Christmas Interview - Luc Wise (HEREZIE)

by Maud Largeaud , AdForum

Hi, could you introduce yourself quickly? 

I am a Franco-British European born in Plymouth, Great Britain. After studying at Cambridge University and the Sorbonne, I started my professional career as a strategic planner at TBWA before joining Publicis Worldwide where I worked on brands such as Renault, SFR-Vodafone, Vivendi or Coca-Cola... From 2003 to 2010, I was a shareholder and managing partner of V Agency (DDB Group), first as head of Strategy and then as a COO.


For 7 years, I worked on campaigns for Volkswagen in France - and abroad - as well as other re-known brands and retailers such as L’Occitane, Auchan, Skoda, SFR (again !) or the launch of The Number 118 218 (the French equivalent of the UK iconic campaign).


In 2010 I left V agency, to start a new entrepreneurial adventure with my friends and business partners Andrea Stillacci and Pierre Callegari.


We decided to call our agency Herezie, because in a conservative French market dominated by 2 tentacular giants, we wanted to offer a new kind of agency to advertizers: more agile, more media agnostic, more heretic.


After starting from scratch in 2010 (just the 3 of us, an outrageously expensive rent to pay near the Champs Elysées and no founding clients to fund it !), Herezie is now a 100% independent and 100% multidisciplinary agency.


Our annual turnover has grown from 0 to 15 millions euros in less than 4 years. We were voted “Best new agency in France in 2012” and "Best French independent agency in France in 2013".


We have won awards like Lions, LIA, Eurobest, Epica, Clio and just about every festival out there.


Being French, Italian, Spanish and of “mixed race” we don’t see ourselves as a “French agency”. We see ourselves as a fully international agency based in Paris.


Paris has always been one of the vibrant multicultural centres of the world and we still see it that way. Herezie’s entrepreneurial success is proof that you can still make things happen in France. We work with 30 or so clients, including a good half of international groups such Coca-Cola Group, Unilever, Essilor, Samsung, LVMH or Nestlé. We also work with some very cool local French brands.

2. What is your favourite Christmas advertising? Why?

British department stores always come out with the goods at Xmas. From the ferociously corrosive insights of Harvey Nichols, to the beautifully charming insights of John Lewis, every year, I look forward to those advertising rendez-vouses (like when I was a kid watching out for the Hamlet cigar ads).


John Lewis succeed in making me feel all the magic of Christmas, like the best Disney and Pixar movies.


I am a big fan of the 2011’s film. The insight is awesome. And in a world full of bland postmodern track covers with no interest whatsoever, this "cover" of the Smiths Is simply perfect.



In France we don’t have such advertising rendez-vous. Xmas isn’t quite such a big thing this side of the channel (or maybe it’s just that our creative energies are more focussed on the wine and the foie gras…).


I would also like to mention "Chris Christmas Rodriguez”, the viral greeting cards by Mother. When these viral films first appeared in the early 2000s, I found them funny but a bit meaningless. Very “What the Fuck” as everyone seems to say these days. Now, I see the sheer insolence, courage and “go for it” attitude that only an independent agency with immense momentum can have.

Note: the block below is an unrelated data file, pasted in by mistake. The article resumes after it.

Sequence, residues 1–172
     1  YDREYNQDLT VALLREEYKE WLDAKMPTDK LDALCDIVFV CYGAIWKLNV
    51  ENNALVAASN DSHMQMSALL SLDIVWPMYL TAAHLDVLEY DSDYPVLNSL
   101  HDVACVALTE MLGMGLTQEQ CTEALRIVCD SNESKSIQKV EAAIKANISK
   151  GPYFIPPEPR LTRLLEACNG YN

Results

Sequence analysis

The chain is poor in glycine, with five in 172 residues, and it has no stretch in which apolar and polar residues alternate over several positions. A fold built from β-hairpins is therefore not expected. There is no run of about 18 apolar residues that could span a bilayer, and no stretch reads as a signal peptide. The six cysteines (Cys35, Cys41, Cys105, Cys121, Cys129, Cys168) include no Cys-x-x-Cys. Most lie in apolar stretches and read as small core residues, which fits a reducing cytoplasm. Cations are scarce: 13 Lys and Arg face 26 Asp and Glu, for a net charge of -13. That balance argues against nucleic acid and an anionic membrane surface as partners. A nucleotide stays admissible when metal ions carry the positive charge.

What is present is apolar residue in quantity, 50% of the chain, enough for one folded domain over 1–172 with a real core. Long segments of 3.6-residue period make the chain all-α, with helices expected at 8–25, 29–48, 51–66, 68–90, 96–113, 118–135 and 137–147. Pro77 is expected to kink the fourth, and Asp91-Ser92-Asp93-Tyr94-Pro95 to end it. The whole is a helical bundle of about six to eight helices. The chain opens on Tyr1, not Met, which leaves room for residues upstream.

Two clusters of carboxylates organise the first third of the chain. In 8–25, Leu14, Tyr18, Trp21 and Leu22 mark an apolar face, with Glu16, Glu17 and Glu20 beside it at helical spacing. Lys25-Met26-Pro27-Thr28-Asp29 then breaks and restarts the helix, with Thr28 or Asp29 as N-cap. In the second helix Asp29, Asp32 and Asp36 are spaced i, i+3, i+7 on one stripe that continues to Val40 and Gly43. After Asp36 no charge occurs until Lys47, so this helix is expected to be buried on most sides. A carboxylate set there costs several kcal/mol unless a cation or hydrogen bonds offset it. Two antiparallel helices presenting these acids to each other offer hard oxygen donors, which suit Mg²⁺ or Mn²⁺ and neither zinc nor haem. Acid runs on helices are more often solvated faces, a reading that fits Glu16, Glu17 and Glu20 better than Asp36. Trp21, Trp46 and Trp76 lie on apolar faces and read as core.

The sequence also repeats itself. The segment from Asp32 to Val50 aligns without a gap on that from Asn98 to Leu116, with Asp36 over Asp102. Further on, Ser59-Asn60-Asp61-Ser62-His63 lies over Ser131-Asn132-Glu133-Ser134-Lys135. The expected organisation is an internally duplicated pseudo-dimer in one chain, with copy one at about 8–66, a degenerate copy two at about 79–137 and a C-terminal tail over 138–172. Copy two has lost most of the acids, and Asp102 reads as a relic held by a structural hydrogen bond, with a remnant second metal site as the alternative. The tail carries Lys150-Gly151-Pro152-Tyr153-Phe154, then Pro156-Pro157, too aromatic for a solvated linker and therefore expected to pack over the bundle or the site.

3. The campaign "Sorry, I Spent It On Myself" is THE multi-awarded campaign in 2014. According to you, what are the reasons for its success?  

First, a very strong, human and diabolically honest insight

This has been DDB London's trademark for years and congratulations to the Adam and Eve strategists and creatives that came up with this one. The irony, the self-deprecation, the ability to laugh at our – miserably all too human - shortcomings, are some of the qualities I like the most in advertising.


And it remains one of the strongest legacies of Bill Bernbach’s creative revolution, even today.


A remarkable campaign, whose success relies upon (a) an audacious insight and (b) a creative idea that pushed the boundaries as far as possible, from classical media to the products themselves.

4. For you, Father Christmas is:

A wonderful character for children.

And a wonderful character for adults too.


Humans will always need magic.

5. What are your professional New Year’s resolutions?

Keep the faith. Avoid dogmatic thinking. And continue to burn with enthusiasm.


The Herezie philosophy!

6. What do you see as the next creative trends for 2015?

More and more creativity in the owned media and POS (on and off).


With marketers looking to optimize spending, traditionally neglected areas will become the spearhead of tomorrow’s creativity.


Just look at what Harvey Nichols did last Xmas with the “Sorry, I spent it on myself” gift range. Communication campaigns that generate (rather than spend) money. Campaigns that are so good people actually want to buy them. Literally.


I would buy a Sticky Fingers poster by Andy Warhol, frame it and put in on my wall. Why don’t I want to buy more posters of ads and put them on my wall too?